Review of King John at The Swan Theatre, Stratford-upon-Avon.
What, if anything, is King John remembered for? Robin Hood, high taxation, being forced into accepting Magna Carta, and generally being a bit shifty.
Shakespeare has nothing to say about Magna Carta or Robin Hood, and only touches on taxation in passing, but as to John's shiftiness he leaves us in no doubt.
For the most part, though, this rarely-performed early play is about much the same kind of thing as his other kingly histories - fighting pretenders to the throne at home and the French abroad.
Though a rarity, King John was last staged in Stratford only a few years ago and this production directed by Josie Rourke demonstrates that it is well worth dusting off from time to time.
It has a crowd-engaging central character in Philip Faulconbridge, the supposed illegitimate son of Richard the Lionheart (that is, John's nephew), but actually Shakespeare's own invention. Joseph Millson's expansive, high-energy performance ensures that he is by far the play's most vivid character.
Though at first sight a scheming chancer, Faulconbridge ultimately proves a kind of swashbuckling Robin Hood surrogate, who in the closing scene is entrusted with handing the crown to the nine-year-old Henry III and speaking the final, pageant-like line: "Nothing shall make us rue/If England to itself do rest but true."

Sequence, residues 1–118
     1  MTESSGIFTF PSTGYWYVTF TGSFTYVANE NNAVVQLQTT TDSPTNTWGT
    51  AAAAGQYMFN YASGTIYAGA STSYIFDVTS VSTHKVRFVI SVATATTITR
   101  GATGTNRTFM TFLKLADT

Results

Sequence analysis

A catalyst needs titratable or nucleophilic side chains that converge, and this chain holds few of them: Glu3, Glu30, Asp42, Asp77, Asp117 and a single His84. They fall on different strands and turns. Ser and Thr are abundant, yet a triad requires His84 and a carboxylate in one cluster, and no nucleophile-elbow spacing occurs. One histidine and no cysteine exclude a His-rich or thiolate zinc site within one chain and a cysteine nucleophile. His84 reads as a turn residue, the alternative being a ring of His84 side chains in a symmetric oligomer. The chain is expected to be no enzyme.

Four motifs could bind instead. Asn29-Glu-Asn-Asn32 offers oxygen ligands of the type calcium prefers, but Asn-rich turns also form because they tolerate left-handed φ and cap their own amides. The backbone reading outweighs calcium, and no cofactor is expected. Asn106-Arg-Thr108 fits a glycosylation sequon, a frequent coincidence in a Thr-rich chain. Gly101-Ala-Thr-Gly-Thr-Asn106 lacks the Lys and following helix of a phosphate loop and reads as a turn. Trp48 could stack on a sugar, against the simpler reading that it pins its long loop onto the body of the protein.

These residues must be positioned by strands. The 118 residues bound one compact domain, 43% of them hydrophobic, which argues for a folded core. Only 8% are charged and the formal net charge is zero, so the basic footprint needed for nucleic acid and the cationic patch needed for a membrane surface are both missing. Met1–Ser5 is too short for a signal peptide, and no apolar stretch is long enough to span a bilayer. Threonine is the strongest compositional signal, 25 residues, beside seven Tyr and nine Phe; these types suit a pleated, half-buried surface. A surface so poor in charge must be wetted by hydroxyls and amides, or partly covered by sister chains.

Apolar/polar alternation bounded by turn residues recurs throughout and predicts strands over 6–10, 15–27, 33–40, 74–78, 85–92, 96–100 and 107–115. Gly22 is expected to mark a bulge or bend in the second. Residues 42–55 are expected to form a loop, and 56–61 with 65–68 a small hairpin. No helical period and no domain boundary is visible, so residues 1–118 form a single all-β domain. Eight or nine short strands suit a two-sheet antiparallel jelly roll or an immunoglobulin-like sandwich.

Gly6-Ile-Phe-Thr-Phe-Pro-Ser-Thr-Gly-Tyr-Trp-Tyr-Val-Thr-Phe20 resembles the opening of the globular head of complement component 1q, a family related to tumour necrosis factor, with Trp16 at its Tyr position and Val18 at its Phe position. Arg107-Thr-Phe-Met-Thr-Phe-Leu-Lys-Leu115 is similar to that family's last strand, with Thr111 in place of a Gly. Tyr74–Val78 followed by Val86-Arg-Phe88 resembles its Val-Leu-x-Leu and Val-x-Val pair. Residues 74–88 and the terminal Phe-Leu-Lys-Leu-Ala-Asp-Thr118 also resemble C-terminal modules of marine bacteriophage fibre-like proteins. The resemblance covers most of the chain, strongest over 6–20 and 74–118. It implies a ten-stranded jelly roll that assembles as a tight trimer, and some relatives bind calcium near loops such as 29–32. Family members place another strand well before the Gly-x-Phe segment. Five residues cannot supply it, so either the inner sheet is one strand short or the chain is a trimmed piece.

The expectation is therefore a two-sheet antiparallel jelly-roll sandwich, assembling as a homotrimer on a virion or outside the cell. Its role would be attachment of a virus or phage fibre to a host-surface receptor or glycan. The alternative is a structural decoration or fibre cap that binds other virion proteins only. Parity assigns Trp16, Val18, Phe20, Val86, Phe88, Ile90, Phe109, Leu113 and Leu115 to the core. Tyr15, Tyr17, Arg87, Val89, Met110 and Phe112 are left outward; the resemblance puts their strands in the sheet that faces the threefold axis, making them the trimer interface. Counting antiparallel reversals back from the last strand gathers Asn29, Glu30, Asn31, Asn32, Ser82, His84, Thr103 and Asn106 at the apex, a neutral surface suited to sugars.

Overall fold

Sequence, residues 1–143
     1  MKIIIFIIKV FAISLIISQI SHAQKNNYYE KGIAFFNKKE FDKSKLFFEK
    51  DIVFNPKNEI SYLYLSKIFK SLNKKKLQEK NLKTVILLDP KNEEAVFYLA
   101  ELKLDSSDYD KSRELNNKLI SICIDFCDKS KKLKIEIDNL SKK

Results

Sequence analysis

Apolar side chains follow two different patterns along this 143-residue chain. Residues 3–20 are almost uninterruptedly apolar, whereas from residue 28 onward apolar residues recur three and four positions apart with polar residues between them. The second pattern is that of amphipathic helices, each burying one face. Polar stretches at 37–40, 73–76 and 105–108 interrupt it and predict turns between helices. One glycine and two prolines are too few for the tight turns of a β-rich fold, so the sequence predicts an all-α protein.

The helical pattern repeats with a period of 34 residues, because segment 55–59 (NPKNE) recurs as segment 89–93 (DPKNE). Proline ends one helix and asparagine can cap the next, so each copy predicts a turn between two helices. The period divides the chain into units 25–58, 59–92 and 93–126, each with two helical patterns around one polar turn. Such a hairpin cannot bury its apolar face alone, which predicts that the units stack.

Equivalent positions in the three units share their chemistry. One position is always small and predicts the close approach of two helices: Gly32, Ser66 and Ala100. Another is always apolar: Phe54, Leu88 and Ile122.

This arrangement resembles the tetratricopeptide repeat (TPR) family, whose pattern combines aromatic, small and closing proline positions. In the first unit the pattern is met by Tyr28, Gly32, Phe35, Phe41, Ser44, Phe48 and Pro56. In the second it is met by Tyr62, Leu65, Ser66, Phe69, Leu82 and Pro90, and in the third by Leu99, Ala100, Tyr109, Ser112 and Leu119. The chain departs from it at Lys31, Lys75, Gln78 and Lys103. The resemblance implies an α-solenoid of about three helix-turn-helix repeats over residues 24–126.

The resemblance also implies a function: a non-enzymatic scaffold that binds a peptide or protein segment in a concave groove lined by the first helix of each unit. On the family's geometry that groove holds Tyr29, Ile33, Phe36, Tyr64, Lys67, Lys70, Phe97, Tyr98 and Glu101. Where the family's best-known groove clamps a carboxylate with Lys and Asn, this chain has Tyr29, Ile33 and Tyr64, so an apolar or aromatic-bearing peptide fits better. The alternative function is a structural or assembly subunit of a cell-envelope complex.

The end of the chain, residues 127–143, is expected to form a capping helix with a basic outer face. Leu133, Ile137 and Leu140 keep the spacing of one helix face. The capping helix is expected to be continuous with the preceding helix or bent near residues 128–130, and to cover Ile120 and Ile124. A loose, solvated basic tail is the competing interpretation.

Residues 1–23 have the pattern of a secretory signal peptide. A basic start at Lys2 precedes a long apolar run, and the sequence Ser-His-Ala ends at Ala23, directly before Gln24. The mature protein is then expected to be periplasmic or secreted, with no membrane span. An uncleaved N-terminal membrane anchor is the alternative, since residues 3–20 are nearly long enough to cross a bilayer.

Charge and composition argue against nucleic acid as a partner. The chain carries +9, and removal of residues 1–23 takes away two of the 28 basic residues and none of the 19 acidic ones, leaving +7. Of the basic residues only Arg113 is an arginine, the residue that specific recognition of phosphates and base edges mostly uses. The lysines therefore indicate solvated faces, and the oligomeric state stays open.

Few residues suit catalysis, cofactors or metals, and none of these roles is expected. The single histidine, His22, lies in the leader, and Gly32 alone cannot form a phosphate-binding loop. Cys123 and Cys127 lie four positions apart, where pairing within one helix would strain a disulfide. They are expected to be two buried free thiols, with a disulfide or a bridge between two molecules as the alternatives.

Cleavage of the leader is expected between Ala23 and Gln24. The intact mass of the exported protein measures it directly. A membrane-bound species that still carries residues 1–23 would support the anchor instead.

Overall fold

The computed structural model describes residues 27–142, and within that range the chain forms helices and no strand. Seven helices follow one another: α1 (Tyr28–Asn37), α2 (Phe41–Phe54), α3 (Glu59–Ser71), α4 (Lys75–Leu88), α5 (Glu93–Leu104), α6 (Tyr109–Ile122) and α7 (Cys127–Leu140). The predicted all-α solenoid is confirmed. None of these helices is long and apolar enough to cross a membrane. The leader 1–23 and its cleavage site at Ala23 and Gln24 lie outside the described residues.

From a historical point of view, the stirring optimism of this ending is, of course, entirely misplaced.
Richard McCabe, a memorable Hamlet at Birmingham Rep in the 90s, finds a rich vein of dark, bizarre comedy in King John, whose self-pitying vacillations Shakespeare draws out in some remarkable writing.
This is not least the case where he blames the assassin he has charged with the murder of his nephew Arthur for suggesting the idea through his external appearance of villainy. It's like Richard III without the moral backbone.
There is a prolonged nerve-wracking scene in which Arthur eventually talks his would-be assassin out of blinding him with the red-hot poker he is wielding (Ralph Davis was the persuasive young actor at this performance), and several in which Tamsin Greig adds a powerful performance as Arthur's ambitious mother Constance to the fine comic one as Beatrice in Much Ado About Nothing.
Jocelyn Pook has written a lavish quasi-medieval score which makes a strong atmospheric contribution to another absorbing contribution to the RSC's Complete Works marathon. n Running time: Three hours, five minutes. In rep until Oct 10.